What Happens When Security Cameras Get Involved With Matchmaking

What if Big Brother was hijacked by Big Cupid? DreamWorks' new movie Good Looking shows a future dating service that uses surveillance camera footage to match lonely hearts without fail. Well, almost without fail.

The project, just announced by the studio, is the product of screenwriter Chris McCoy, who came up with the idea after seeing the amount of anti-crime cameras while on vacation in the UK:

If someone could organize that information and know what everyone in London was doing and eating and who they're dating and who they're going home with, then that's an incredibly powerful tool... I think I have an oddball brain or something, but then I started thinking about how all that stuff could be applied to matchmaking. It would totally subvert Match.com and eHarmony, (where) I think people lie about who they are or they say what they think people will want them to be. But 'Good Looking,' my service, knows who they are and can put them together.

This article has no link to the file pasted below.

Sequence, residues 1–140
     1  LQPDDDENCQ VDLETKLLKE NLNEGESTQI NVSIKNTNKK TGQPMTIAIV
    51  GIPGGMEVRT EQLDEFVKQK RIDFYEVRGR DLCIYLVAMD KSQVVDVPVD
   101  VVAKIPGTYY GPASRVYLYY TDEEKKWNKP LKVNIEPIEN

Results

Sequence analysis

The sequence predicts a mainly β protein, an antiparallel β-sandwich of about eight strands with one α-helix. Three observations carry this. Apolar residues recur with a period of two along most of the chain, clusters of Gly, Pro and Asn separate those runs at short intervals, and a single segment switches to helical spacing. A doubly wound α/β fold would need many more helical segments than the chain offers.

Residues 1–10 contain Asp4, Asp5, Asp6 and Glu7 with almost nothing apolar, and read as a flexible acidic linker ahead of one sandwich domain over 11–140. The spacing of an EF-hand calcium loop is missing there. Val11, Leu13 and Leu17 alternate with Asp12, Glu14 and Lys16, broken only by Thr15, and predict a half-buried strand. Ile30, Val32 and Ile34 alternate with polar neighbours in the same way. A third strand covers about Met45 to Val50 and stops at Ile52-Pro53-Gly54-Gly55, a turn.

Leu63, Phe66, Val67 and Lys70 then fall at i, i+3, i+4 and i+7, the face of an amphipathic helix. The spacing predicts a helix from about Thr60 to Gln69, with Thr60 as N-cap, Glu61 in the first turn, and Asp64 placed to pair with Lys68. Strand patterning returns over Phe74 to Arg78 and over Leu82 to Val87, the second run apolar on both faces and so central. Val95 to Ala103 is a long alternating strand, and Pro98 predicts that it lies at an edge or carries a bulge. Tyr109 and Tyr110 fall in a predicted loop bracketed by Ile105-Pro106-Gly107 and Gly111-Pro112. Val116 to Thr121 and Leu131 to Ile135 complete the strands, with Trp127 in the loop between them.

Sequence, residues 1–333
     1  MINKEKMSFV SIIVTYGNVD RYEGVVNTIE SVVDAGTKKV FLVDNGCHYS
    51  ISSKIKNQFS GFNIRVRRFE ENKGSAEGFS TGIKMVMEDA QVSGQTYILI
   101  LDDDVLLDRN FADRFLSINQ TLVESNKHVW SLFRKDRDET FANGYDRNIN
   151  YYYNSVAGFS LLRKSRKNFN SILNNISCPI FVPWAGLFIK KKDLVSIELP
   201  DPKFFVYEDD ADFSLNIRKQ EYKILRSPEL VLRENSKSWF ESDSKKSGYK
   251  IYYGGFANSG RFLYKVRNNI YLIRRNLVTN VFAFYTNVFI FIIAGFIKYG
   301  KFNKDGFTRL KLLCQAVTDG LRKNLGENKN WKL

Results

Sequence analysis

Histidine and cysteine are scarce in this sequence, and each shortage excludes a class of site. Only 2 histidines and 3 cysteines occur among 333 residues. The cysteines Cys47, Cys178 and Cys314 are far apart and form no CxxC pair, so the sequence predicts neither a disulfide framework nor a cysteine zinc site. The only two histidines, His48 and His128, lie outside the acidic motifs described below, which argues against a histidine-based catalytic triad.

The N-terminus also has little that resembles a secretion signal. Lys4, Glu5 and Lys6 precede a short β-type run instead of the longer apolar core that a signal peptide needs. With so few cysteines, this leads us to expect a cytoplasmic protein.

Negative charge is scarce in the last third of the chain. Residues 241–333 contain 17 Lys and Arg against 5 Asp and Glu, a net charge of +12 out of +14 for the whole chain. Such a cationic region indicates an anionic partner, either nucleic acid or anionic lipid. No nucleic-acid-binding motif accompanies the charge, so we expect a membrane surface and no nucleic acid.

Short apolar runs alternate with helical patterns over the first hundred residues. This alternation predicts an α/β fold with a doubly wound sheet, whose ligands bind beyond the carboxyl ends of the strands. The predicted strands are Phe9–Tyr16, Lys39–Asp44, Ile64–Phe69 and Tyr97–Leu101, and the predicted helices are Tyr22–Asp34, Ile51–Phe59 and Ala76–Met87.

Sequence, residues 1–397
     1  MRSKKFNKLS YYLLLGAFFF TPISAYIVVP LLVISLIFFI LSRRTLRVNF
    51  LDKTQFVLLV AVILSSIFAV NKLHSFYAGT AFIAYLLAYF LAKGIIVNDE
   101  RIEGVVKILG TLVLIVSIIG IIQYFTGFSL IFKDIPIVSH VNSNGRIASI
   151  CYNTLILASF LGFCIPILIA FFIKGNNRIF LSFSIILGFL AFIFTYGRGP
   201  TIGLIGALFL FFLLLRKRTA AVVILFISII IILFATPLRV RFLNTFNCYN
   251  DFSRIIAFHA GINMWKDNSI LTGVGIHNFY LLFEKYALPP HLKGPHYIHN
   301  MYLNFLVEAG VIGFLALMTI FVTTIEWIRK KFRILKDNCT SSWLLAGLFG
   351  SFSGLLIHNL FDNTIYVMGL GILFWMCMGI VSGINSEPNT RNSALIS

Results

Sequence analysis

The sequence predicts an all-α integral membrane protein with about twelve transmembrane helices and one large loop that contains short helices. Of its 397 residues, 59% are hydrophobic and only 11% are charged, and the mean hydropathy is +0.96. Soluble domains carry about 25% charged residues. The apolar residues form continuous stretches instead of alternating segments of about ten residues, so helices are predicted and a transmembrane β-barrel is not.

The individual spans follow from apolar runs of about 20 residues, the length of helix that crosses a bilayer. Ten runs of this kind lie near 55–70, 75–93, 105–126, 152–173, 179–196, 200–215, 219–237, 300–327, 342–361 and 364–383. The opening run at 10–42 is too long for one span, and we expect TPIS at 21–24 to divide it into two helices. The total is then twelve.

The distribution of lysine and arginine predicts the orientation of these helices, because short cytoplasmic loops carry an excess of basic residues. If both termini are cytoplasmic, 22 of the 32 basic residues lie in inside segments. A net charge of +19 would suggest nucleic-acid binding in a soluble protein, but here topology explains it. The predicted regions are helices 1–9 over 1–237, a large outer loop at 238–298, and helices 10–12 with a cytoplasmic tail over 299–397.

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That doesn't mean that everything always works out, of course; the movie centers around the one person who turns down his computer-selected match, just to reassure mainstream audiences that matters of the heart are too wacky and unpredictable for machines to understand.

'Good Looking' catches Dreamworks' eye [Hollywood Reporter]

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